Throughout the protracted debate for health care reform, my concern was mainly for midlife people – those not yet old enough for Medicare.
As I often said, Medicare for All would have been the better and easier way to go (or, at least, a public option in the bill) but here we are with a beginning and importantly, the principle, now set in legislative stone, that every American has a right to affordable health coverage.
That, in time, will become as accepted as women's suffrage and civil rights are now and, perhaps, will shift to the more enlightened view in other advanced countries that health care is the right of every citizen.
Although I'm disappointed overall (or maybe just exhausted from the year-long fracas), there are good things in the bill (that carries the ungainly name, “The Patient Protection and Affordable Care Act”) – and some, to which I had not paid close attention in the final draft, are for us old folks.
Medicare physician payments can now be increased through rewards for improved quality of care.
A nationwide database will be created that, with background checks, will help prevent repeat predators from being hired in nursing homes.
Better consumer information on quality of care and enforcement of standards will make it easier to choose good nursing homes.
Many subscribers are concerned about potential cuts to their Medicare Advantage plans or increased premiums or cuts in benefits such as free gym memberships. On the other hand, the bill requires that 85 percent of revenue be used for actual health care rather than administrative costs like high executive salaries and bonuses.
Also, I would like to remind Advantage subscribers that your low premiums or, in some cases, free coverage, come out of the hides of those who purchase traditional Medicare. Our premiums are higher than they would otherwise need to be to help subsidize Medicare Advantage.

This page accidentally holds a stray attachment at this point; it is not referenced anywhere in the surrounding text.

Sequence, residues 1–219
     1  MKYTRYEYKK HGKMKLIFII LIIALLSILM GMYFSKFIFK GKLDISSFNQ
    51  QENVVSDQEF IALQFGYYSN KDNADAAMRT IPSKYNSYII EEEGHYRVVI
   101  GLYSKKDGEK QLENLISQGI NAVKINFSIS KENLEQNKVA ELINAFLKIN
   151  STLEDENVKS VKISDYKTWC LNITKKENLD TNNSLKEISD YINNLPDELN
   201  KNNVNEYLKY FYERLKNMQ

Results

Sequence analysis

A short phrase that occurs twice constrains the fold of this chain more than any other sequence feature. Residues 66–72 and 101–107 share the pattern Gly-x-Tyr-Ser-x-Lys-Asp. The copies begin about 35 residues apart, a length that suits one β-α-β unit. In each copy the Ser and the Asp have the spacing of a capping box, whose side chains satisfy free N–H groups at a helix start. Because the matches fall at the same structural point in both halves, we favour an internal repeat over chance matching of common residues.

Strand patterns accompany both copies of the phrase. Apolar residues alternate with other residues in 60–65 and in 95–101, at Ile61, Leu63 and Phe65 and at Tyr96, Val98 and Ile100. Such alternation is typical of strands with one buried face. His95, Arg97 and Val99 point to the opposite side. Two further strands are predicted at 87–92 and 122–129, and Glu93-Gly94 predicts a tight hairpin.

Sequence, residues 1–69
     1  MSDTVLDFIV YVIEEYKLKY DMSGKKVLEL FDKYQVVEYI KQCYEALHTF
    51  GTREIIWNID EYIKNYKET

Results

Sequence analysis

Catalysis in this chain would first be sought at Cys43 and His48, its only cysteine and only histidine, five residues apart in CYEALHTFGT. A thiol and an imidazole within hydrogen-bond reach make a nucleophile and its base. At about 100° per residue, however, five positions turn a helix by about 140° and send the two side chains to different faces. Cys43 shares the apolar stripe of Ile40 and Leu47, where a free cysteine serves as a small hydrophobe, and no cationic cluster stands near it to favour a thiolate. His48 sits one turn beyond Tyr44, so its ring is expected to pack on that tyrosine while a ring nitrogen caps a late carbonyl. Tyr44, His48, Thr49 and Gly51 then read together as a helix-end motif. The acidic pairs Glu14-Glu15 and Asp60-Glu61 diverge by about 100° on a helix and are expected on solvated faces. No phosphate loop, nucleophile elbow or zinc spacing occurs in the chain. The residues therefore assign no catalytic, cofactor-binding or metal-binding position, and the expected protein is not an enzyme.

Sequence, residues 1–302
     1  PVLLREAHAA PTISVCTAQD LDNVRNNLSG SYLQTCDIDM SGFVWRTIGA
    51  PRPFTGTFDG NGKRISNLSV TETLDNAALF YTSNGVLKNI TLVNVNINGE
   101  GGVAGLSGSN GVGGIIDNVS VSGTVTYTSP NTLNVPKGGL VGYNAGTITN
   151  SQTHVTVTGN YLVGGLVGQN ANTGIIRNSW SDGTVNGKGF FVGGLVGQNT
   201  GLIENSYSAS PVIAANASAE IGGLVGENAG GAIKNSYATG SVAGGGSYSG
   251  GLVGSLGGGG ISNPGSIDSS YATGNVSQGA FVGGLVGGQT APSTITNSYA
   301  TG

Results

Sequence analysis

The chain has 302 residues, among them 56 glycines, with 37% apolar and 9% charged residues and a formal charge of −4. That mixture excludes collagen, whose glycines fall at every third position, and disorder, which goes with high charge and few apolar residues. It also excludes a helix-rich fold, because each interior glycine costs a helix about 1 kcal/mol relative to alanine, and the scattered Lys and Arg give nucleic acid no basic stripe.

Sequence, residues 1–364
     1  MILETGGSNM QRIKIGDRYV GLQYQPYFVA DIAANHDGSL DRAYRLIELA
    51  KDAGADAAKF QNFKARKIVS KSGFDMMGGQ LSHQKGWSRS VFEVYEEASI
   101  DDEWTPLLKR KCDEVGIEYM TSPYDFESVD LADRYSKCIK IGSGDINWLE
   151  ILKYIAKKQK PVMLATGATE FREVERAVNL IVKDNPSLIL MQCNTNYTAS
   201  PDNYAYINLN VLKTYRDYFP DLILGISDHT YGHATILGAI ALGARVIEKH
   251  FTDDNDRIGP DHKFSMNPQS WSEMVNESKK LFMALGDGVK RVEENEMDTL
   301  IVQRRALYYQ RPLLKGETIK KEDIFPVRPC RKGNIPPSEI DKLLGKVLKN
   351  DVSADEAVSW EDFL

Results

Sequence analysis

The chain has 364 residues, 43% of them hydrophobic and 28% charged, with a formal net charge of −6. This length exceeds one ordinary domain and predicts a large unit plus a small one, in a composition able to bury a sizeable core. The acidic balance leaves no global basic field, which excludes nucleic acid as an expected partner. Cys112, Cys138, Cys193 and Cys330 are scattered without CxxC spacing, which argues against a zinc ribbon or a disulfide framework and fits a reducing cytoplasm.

Personally, I don't think my total cost for traditional Medicare B, D and supplemental of $271.90 per month is unreasonable (given the U.S. system) for the care I receive. (I'm sure the Medicare Advantage changes will be argued vehemently.)
There are two immediate benefits for all Medicare members: one - a free annual physical is now included, something that makes both health and fiscal sense, along with free preventive services, such as screenings for colon, prostate and breast cancer.
The other is a gradual closing of the infamous doughnut hole in the drug benefit, Medicare Part D, important to many elders whose prescription drug costs stretch or are beyond their means.
Here is a short video from Senate Leader Harry Reid's office explaining the Part D change:
DENTURE ADVENTURE UPDATE: For those of you who have asked, the fatigue from my teeth extractions has finally lifted. Healing is going well and I'm making daily visits to the dentist this week for fit tweaks and adjustments.
I've been off pain pills since Monday and although I'm not ready to chew anything challenging, I had dinner at a restaurant two evenings ago with no mishaps. Mussels and scallops were easy to chew; salad greens not so much. That, I assume, will come in time.
Like the old saying goes, “If I'd known I would live this long, I'd have taken better care of my teeth,” but they have plagued me since childhood, so maybe it wasn't up to me and, anyway, it's too late now. Given the alternative of toothlessness, the denture isn't so bad and as I gradually become accustomed to it, it doesn't feel quite as much like a boulder in my mouth.
At The Elder Storytelling Place today, Lois Cochran: Rose